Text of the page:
There’s a reason vampires have been the monster-of-choice in popular fiction. These bloodthirsty creatures of the night are a great device for storytellers to write topics that are current yet unfamiliar to its audience. In True Blood, vampires are seen as an “other” that struggle to have equal rights in society. The Strain deals with the outbreak of a vampiric plague that creates a city-wide pandemic, resulting in panic and chaos. In Dark Red – the forthcoming book from AfterShock Comics – vampires help shed light on both the literal and allegorical isolation of Middle America from the rest of the country.
**Some Spoilers Below**
Charles “Chip” Ipswich isn’t one of those coastal elites with a liberal arts degree and a job at a social media start-up who knows where all the best brunch places are. No, Chip is one of the “forgotten men.” He lives in a rural area in the middle of the country where Jesus still has a place at the dinner table and where factories ship jobs to Calcutta. Chip is also a vampire. Stuck working the last shift at a gas station, Chip is lonely and bored… and then his dull, bleak life is turned upside down when she comes to town. Tim Seeley (Brilliant Trash) and Corin Howell bring you a contemporary and horrifying tale of vampirism in the heart of America — one that’ll make you jump right out of your boots.
“It’s a story influenced by current events,” Seeley said about Dark Red, “but told with a down-on-his-luck vampire and a cast of some of the best characters I’ve ever managed to make up. And there’s a lot of my own life in here too. I love to write some good old fashioned honesty next to some decapitations and eviscerations.”
Seeley does a great job at setting the tone of Dark Red right from the get go. He takes us down the dark highway and into Nowhere, USA, with stereotypical characters that normally wouldn’t make it past the first few pages of a story. In the middle of it all is vampire protagonist Chip Ipswich, who doesn’t rip open the throat of a local drunk when confronted. Rather, he uses his power of persuasion to remain unassuming, to continue his humdrum existence in rural America.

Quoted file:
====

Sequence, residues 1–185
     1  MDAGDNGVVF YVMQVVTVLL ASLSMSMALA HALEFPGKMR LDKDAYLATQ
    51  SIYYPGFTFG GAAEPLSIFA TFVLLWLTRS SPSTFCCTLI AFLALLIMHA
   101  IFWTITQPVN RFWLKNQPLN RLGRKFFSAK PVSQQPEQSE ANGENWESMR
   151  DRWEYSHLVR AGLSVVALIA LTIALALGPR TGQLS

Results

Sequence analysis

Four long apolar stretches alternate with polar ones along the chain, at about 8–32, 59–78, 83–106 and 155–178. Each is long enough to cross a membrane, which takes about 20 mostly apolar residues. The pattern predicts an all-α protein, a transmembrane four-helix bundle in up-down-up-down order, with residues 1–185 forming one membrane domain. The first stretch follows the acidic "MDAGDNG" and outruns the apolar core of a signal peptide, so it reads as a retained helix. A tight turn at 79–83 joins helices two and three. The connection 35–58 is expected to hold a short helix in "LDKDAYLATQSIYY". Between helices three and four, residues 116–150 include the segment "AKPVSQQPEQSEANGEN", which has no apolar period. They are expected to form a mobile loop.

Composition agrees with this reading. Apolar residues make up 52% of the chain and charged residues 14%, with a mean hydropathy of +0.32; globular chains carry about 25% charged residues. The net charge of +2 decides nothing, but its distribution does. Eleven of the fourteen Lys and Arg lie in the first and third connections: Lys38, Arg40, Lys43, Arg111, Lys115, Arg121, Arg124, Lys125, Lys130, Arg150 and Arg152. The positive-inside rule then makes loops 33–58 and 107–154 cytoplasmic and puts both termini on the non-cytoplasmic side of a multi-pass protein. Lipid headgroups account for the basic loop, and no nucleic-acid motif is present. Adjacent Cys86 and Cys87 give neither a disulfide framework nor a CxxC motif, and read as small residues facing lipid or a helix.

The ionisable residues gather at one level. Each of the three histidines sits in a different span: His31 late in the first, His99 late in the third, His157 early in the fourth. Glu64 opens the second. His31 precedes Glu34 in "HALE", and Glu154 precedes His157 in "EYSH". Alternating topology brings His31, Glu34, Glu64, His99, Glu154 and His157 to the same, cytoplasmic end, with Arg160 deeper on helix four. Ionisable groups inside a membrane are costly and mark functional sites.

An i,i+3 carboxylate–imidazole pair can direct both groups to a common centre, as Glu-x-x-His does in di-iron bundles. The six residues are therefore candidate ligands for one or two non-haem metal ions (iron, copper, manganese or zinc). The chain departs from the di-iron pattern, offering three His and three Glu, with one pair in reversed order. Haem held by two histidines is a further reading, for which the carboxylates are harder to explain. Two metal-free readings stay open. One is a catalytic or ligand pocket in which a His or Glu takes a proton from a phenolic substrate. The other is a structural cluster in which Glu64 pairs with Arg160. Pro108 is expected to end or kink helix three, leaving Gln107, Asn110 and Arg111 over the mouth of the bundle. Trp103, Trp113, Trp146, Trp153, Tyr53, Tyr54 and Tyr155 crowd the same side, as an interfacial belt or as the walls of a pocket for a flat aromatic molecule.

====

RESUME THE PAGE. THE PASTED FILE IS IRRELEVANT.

The dialogue is easy to absorb. The interaction between Chip and the drunkards, followed by the gas station manager, are somewhat comical. Politics are briefly touched on, which is something you can expect more of, as made apparent by the cover art.
As the first issue concludes, Seeley delivers a more heavy handed op-ed between Chip and Evie – his obsessive, voluntary source of sustenance. They delve into an intriguing back-and-forth as to why Chip chooses to reside where he does, and his stance on his city-dwelling counterparts. This concludes just in time for some good old fashioned blood and gore, followed by an abrupt yet satisfying set up for what’s to come.
Corin Howell’s illustrations in Dark Red are exaggerated, giving a cartoony style to his characters eyes and facial features. The few bloody sequences feel restrained and lacking in the shock and gore department, which takes away from the edge of the book. There are some highlights towards the end, when Chip gets in a fight with three “deep thralls.” Howell showcases expressions of rage and malice on the characters’ faces that are more in tune with the genre.
The colors by Mark Englert work well. He has a pretty diverse pallet to light the characters during different times of the day. In contrast with the title, the reds were a little too bright, particularly in the bloody panels. Overall, the artists behind the first issue of Dark Red don’t take as many risks as they could with their artwork and coloring.
The letters by Marshal Dillon start off feeling a bit fabricated, particularly with the drunken side characters. Much like the pencils, the captions started off as too bold and cartoony. Thankfully, it levels off about a third of the way through, with interesting styles that convey pain and rage.
The cover artwork by Aaron Campbell is the saving grace for this book. It showcases a more jagged, erratic style, with splotchy and minimal coloring. In my opinion, Campbell’s art works well to offset Seeley’s tone in the dialogue.
Overall, the first issue of Dark Red is a satisfying introduction to this vampire story. It has something to say about the political divide the country is facing. It’s not an explosive start by any means. However, it hides just enough in its dark crevices that you just might want to sink your teeth into.
Dark Red #1 will be released March 20 in comic book stores and digitally. Check out some preview artwork from AfterShock Comics below: